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Natural Resources

The Arctic contains a wealth of petroleum and mineral resources. Currently, the region produces about one tenth of the world’s oil and a quarter of its natural gas. The Russian Arctic is the source for about 80 percent of this oil and virtually all of the natural gas; Arctic Canada, Alaska, and Norway are the other leading producers. Recent appraisals suggest that a considerable fraction of the world’s undiscovered petroleum reserves lie within the Arctic.

The most developed sector of the region, the Russian Arctic also holds abundant deposits of nickel, copper, coal, gold, uranium, tungsten, and diamonds. As well, the North American Arctic contains pockets of uranium, copper, nickel, iron, natural gas, and oil. However, many known mineral reserves have not been exploited because of their inaccessibility and the steep development costs.

Related Photos

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  • Helicopter takes off from Barneo to deliver food for the Konyukov-Simonov expedition.
  • Very hazardous area - one of the crewmembers sank chest-high under the floe, but everything turned out well.
    Russian polar explorers descend on drifting ice floe
  • Coast of the Arctic Ocean in the Taimyr (Dolgano-Nenets) Autonomous Area.
    Arctic Ocean Coastline
  • Greenland seals dwelling in the Arctic Ocean head for the White Sea each February when mating season begins.
    Greenland seals
  • Polar explorers stationed at the North Pole-12 station burning hand flares.
    Polar explorers burning hand flares
  • Crews of the Pioner Yakutii and Arktika ships playing football on the ice of the Kara Sea.
    Playing football on ice on Kara Sea
  • Wrangel Island Reserve. At the beginning of spring, when the snow cover begins to melt, muskoxen go down from the mountains to the tundra because richer and more diverse kinds of food can be found there.
    Muskoxen at Wrangel Island Reserve
  • Prime Minister Vladimir Putin (third right, background) attending the plenary meeting of the Second International Forum "The Arctic: Territory of Dialogue", September 22, 2011. Left: Albert II, Sovereign Prince of Monaco.
    Second International Arctic Forum
  • Ivory Gull in flight
    Ivory Gull
  • The Laptev Sea.
    The Laptev Sea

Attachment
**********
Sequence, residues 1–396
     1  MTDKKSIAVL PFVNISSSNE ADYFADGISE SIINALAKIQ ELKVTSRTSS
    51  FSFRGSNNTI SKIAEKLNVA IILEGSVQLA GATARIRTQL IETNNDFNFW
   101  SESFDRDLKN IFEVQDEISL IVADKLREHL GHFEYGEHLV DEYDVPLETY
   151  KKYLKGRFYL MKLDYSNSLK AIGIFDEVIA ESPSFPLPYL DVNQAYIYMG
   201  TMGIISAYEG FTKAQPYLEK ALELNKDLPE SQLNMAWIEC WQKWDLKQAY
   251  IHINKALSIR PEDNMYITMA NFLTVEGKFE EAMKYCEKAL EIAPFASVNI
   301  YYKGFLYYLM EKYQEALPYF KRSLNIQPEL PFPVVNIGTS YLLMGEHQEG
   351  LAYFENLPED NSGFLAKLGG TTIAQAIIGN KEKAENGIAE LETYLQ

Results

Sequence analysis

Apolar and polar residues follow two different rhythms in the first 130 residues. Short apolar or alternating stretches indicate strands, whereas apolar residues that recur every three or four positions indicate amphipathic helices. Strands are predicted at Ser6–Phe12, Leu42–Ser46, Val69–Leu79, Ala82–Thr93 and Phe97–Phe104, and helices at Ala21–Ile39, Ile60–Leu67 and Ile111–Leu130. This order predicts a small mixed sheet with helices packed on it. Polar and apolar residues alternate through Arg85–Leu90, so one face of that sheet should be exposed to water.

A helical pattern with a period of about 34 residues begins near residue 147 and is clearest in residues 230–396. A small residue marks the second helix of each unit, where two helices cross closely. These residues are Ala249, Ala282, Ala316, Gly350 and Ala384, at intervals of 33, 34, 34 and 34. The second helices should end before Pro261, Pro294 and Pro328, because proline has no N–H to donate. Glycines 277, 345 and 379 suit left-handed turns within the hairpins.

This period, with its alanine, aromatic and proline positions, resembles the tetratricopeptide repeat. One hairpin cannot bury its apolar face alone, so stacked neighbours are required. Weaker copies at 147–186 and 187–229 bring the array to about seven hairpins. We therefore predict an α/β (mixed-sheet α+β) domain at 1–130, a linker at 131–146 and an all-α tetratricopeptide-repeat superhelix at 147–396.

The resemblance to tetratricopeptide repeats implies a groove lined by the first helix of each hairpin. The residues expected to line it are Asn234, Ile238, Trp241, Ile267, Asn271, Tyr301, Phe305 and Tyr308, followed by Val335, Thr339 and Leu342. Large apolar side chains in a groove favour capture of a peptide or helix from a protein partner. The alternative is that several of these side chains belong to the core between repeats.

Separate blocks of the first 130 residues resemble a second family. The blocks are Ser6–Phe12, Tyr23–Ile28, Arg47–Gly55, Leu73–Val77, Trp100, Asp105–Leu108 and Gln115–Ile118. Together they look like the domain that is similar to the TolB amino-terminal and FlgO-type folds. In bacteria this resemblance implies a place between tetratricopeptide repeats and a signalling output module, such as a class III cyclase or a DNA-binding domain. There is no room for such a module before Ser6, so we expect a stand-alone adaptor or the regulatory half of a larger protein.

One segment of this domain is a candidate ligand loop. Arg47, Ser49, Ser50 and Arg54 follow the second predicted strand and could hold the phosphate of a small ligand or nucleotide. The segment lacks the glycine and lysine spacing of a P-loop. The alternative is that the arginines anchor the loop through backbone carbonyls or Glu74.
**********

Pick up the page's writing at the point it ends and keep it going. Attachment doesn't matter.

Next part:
• The crew of the March-May 1989 Soviet-U.S. expedition, named Bering Bridge, traveled almost 2,000 kilometers from Anadyr on the Chukchi Peninsula to Kotzebue Sound in Alaska.
    Bering Bridge Crew in Transit
  • Arctic Owl
    Arctic Owl

Biological resources are similarly bountiful in the Far North. An estimated one-fifth of freshwater and several of the world’s largest rivers are found there. The region encompasses one of the last and most extensive, continuous wilderness areas on Earth, and it is home to hundreds of endemic species of plants and animals. Millions of migratory birds from around the globe breed and live seasonally in the Arctic and a variety of marine mammals inhabit the regional ocean waters. Fish such as salmon, cod, and pollock abound in Arctic and sub-Arctic waters, supporting valuable commercial fisheries. Some two dozen major herds of reindeer and caribou, important resources for indigenous peoples, migrate across high northern landscapes. In sum, humans gain much from the Arctic’s living resources, and the region is uniquely important to global biodiversity.

Climate change in the Far North is expected to transform the outlook on natural resources there.  As rising temperatures accelerate the melting of ice on land and at sea, the prospects for expanding transportation corridors, mineral resource development, and tourism will grow. At the same time living resources will face new pressures. Future developments could well bring considerable new wealth to Arctic state economies, but also significant consequences for northern peoples and environments.